“Growing up my favorite thing was when we branded and everybody had a job,” Dickinson says. “I had a great uncle who, when I was probably five or six and not big enough to wrestle, would take me by the hand and I would get to pack the nut bucket while he was castrating. That’s one of those things you don’t forget when somebody takes you in as a kid and says, ‘Here, you can help,’ and we’ve done that with our own kids and I think it basically holds our family unit together, us teaching our children from the get go about agriculture, tradition, family, about that unity.”
Dickinson was raised during a time when some people thought girls weren’t really supposed to be around “that kind of stuff,” she says. But she considers herself fortunate enough that her dad saw her interest and insisted that she was involved with cattle work, as well as the traditional ranch women’s work.
“It wasn’t that I wanted to be away from the traditional side of that as I was growing up,” she says. “But from a young age, I was taught diversity, to be a woman who knew how to do the traditional things but could meld it with someone who could go and ride.”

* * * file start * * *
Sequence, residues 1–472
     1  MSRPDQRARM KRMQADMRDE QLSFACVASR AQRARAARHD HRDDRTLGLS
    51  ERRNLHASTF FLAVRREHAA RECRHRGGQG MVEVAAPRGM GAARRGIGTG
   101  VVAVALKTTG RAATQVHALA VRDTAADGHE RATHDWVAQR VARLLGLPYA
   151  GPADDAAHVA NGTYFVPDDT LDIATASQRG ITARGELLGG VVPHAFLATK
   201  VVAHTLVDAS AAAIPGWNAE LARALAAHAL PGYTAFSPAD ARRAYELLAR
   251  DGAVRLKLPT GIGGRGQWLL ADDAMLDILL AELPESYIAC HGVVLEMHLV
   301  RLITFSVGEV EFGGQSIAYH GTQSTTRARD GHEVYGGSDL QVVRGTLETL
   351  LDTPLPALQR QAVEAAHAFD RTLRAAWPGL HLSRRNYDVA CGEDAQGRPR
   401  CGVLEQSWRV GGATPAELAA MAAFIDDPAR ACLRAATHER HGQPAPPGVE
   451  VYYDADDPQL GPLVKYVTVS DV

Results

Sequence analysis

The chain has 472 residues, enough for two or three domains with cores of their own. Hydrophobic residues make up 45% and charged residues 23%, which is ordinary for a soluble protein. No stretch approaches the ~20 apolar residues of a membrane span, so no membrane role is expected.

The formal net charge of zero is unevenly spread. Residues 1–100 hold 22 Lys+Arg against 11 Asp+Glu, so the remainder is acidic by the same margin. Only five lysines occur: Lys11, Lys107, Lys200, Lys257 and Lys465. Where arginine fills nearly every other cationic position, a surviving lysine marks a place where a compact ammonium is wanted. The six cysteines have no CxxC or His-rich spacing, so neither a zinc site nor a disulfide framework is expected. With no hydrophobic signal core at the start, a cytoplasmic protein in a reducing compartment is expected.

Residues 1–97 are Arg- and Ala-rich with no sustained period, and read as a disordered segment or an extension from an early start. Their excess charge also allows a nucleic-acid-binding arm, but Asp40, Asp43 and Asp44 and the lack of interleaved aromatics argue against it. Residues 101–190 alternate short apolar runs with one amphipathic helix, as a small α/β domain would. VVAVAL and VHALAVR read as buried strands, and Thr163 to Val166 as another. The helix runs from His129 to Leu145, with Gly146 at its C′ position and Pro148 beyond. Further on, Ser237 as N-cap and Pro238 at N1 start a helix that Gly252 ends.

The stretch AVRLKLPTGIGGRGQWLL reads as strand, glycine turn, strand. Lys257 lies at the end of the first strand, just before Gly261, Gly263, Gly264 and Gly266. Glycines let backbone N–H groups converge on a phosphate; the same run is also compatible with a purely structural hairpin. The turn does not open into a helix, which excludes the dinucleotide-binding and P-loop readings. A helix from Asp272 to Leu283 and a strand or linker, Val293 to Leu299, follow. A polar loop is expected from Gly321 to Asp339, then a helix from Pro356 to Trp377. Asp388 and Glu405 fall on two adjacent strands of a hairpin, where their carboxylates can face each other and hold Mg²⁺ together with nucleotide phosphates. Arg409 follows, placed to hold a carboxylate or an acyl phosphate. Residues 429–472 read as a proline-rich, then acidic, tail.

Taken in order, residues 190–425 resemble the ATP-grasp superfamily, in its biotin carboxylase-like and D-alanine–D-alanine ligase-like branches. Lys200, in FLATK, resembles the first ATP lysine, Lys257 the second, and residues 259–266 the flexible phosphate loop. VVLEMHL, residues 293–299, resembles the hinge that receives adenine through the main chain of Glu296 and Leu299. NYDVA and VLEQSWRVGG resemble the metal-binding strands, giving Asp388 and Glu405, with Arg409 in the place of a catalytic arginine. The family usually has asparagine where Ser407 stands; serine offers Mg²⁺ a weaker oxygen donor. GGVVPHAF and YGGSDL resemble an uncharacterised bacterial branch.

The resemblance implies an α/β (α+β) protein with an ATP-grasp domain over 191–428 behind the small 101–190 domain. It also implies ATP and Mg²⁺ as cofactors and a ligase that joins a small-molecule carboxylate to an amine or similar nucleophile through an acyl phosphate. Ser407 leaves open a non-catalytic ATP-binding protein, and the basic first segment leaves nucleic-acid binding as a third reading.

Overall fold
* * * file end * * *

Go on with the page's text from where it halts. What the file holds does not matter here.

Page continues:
While growing up near Big Piney, Wyoming, Dickinson saw her grandmother exemplify what that type of diversity meant on the ranch and today, while living south of Rock Springs on her husband’s family ranch, Dickinson, her in-laws and her daughter continue to prove just how diverse ranch women can be.
“Here, we brand for probably about a month or more,” Dickinson says. “It’s a desert outfit so there is a lot of gathering and bigger country and stuff, so we do a lot of smaller bunches for longer periods of time versus bigger bunches and shorter periods. It takes a while to get it all done, so we have lots of opportunities for lots of different kinds of food to prepare.”
For Dickinson and her in-laws, living 50 miles from town means that preparation is key when it comes to cooking for a crew for such a long time, usually between 12 to 15 people, sometimes more.
“The whole shopping thing, planning out your menu, what you are going to have and where you are going to be, asking yourself what is conducive to the place that you’re branding is key,” she says. “Ask yourself if you can do a hot meal or do you need to do a cold meal. Generally, we have a hot meal because it’s so easy to transport food and keep it warm now.”